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SoapBubbleHaCropfinal.jpg
The Celestial Bubble in Cygnus946 viewsThe Soap Bubble Nebula, or PN G755.5+1.7 is likely a faint planetary nebula found in the constellation Cygnus. The faint nebula was discovered relatively recently in 2008 on photographs of the Cygnus region. A cropped hydrogen-alpha image attached. Image was a total of 5 hr 40 min taken with a Takahashi CCA-250 f/5 astrograph with a QSI683wsg camera (Astrodon Gen2 Ha filter 5 nm) on a Paramount on the nights of 2, 4 October 2016 in Mayhill, NM (17 x 1200 sec H-alpha lights @ -20 degrees; 23 darks; 128 flats; 126 bias; processed in PixInsight 1.8.4.1195).
(2 votes)
NGC_6882_NGC_6885.jpg
Open Clusters in Vulpecula872 viewsNGC 6882 /NGC 6885 are open clusters in the constellation Vulpecula, although there is considerable discussion in the literature as to whether one is superimposed on the other, are separate clusters, or if they where accidentally duplicated in the original 1784 observation. The bright foreground star, 20 Vulpeculae, does not belong to the cluster. The image taken with a 12.5” RCOS f/9 astrograph and a SBIG STF8300c camera on a Paramount ME on Oct 2, 2016 in Mayhill, NM (5 x 1200 sec lights @ -15 degrees C; 18 darks; 128 bias; 128 flats). Calibrated, registered, integrated, and processed in PixInsight 1.8.4.1195 Ripley (x64).
(2 votes)
M1finalJPEG.jpg
The Crab Nebula in Oxygen[III] and Hydrogen-alpha Emission 904 viewsMessier 1, the Crab Nebula, is a supernova remnant found in the constellation Taurus. M1 was discovered by John Bevis in 1731 (independently discovered by Charles Messier in 1758). Admiral Smyth describes M1 as a “large nebula, pearly white” and of “oval form” in his Cycle of Celestial Objects (2nd edition, page 145). This bi-color image is a total of 17 hrs 20 min exposure using a Takahashi CCA-250 f/5 astrograph and a QSI683wsg CCD camera (Astrodon Gen 2 filters; H-alpha 5 nm; O[III] 3 nm) on a Paramount ME (26 x 1200 sec O[III] lights, 26 x 1200 sec H-alpha lights; 21 darks, 126 bias, and corresponding flats and flat darks). Color assignment H-alpha = red; 15:83 H-alpha:O[III] = green; O[III] = blue; processed in PixInsight 1.8.4.1195.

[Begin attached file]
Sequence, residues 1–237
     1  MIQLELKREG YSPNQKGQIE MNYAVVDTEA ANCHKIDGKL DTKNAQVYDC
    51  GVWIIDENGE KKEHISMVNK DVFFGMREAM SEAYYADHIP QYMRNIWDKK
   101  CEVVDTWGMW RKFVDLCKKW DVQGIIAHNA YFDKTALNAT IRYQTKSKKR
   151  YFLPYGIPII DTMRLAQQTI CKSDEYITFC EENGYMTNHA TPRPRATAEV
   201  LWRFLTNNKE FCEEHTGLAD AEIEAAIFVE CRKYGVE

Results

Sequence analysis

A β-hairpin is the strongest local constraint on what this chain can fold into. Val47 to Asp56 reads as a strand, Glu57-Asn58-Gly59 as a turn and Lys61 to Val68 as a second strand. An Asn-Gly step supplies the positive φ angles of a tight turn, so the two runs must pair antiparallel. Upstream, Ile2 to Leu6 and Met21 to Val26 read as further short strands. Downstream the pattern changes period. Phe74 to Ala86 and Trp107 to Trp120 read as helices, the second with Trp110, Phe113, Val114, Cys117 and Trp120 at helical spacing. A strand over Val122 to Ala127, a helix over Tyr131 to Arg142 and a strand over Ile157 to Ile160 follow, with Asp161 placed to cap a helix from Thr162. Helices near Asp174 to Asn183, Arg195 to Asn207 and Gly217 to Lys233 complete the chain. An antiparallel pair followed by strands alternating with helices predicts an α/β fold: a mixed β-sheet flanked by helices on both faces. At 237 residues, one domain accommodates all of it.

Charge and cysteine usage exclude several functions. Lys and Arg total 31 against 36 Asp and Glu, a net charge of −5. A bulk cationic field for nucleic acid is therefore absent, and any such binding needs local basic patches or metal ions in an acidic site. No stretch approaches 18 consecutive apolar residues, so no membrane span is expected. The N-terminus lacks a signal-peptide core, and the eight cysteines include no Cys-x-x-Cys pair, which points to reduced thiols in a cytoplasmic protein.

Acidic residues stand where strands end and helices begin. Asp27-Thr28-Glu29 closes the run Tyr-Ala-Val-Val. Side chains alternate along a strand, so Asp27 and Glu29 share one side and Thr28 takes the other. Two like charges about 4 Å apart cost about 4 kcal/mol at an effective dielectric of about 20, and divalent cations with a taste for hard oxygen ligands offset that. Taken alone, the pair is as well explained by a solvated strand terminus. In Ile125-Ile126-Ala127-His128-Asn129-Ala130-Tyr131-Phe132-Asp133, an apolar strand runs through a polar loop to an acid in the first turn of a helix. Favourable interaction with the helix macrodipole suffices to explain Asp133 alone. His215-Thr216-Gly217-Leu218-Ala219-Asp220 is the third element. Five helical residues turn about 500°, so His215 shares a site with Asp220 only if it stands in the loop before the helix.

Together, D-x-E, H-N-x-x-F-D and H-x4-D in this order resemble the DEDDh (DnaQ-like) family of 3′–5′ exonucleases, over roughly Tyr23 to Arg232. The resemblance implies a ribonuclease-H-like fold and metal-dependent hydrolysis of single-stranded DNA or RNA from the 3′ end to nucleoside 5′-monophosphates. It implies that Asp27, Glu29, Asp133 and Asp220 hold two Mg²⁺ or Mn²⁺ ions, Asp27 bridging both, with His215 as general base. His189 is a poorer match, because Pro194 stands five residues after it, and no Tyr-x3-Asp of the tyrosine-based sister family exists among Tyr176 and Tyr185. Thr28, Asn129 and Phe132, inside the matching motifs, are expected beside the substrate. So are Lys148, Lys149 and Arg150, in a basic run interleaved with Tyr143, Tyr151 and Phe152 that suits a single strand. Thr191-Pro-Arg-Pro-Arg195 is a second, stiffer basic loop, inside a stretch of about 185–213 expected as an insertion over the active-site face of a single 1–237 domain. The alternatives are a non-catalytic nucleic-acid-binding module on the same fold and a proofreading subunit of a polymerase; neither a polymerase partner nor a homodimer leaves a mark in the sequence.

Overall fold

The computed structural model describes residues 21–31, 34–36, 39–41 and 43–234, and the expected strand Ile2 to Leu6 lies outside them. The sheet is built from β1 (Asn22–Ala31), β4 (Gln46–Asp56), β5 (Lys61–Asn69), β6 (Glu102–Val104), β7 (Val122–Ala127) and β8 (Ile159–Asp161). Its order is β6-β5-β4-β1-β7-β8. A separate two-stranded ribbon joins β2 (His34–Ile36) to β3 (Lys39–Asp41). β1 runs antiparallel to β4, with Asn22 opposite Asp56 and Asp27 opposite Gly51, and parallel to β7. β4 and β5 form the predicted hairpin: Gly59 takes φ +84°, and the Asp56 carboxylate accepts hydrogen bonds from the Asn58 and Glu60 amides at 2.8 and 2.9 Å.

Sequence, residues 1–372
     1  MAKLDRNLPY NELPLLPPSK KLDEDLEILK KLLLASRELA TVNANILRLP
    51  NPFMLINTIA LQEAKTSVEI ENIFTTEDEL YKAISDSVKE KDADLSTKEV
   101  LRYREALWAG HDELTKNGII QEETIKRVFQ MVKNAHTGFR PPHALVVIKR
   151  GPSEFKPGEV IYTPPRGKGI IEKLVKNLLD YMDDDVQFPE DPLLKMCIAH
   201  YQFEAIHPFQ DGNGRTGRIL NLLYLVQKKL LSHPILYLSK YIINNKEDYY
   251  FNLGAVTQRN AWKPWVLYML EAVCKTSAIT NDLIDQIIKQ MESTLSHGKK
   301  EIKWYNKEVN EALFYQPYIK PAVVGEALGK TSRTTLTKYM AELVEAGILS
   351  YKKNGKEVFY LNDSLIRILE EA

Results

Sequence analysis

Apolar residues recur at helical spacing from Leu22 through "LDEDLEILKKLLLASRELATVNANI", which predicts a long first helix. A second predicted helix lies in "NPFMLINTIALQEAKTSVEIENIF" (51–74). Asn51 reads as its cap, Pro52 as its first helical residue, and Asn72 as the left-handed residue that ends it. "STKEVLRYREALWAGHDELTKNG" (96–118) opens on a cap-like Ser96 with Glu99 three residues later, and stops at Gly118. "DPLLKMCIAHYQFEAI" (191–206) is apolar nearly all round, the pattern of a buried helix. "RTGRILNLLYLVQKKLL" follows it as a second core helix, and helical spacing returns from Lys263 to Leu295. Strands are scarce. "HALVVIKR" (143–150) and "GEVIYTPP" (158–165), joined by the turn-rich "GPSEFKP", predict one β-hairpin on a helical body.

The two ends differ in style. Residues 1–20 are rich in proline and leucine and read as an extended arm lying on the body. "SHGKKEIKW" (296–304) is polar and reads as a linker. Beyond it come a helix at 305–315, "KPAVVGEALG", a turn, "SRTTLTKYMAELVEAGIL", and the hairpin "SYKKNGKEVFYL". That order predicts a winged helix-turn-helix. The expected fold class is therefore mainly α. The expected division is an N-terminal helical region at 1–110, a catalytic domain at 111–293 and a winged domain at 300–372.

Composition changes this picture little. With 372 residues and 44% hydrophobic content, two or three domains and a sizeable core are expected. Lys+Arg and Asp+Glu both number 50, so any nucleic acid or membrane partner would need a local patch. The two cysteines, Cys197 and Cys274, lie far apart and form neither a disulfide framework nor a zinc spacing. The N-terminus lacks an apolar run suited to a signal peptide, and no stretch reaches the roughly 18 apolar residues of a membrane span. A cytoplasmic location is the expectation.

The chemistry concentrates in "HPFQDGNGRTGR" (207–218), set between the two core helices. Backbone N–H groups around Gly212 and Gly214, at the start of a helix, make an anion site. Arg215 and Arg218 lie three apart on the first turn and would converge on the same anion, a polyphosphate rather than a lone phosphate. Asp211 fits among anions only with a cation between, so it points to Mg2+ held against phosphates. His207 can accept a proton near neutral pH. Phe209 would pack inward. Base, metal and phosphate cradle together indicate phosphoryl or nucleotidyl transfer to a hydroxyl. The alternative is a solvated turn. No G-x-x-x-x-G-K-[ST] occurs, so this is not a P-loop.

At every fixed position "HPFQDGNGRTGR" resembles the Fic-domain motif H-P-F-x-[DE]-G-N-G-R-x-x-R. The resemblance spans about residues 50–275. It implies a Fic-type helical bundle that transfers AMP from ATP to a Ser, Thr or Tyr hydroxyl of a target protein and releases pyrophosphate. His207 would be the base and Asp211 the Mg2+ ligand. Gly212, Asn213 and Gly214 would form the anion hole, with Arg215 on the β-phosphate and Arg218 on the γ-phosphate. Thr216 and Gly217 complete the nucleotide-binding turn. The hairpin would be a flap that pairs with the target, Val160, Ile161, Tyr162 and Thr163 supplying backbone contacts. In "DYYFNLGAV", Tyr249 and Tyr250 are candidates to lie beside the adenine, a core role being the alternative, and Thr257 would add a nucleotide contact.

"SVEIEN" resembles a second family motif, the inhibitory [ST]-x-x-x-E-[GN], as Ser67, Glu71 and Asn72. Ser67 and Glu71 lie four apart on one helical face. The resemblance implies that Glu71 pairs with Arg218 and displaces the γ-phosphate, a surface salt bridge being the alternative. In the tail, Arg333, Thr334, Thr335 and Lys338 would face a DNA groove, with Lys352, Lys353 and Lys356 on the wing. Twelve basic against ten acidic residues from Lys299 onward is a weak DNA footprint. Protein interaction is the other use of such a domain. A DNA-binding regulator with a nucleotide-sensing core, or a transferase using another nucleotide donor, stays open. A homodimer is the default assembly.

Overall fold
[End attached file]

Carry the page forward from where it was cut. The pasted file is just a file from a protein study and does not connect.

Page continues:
(2 votes)
M56normalsize.jpg
A GLOBULAR CLUSTER IN LYRA850 viewsThe globular cluster Messier 56 is found in the part of Milky Way that runs through the constellation Lyra. Admiral Smyth describes M 56 as “a globular cluster in a splendid field” in his “A Cycle of Celestial Objects” (2nd Ed, 1881). The image was taken on 15 June 2016 in Mayhill, NM with a 12.5” RCOS f/9 telescope operating at f/5.95 (Astro-Physics CCDT67 reducer) and a SBIG STF8300c camera mounted on a Paramount ME. Exposure was a total of 1 hr 40 min (5 x 20 min lights @ -15 degrees C; 40 darks; 128 flats; 128 bias). Calibrated, registered, integrated, and processed in PixInsight 1.8.4.1195 Ripley (x64).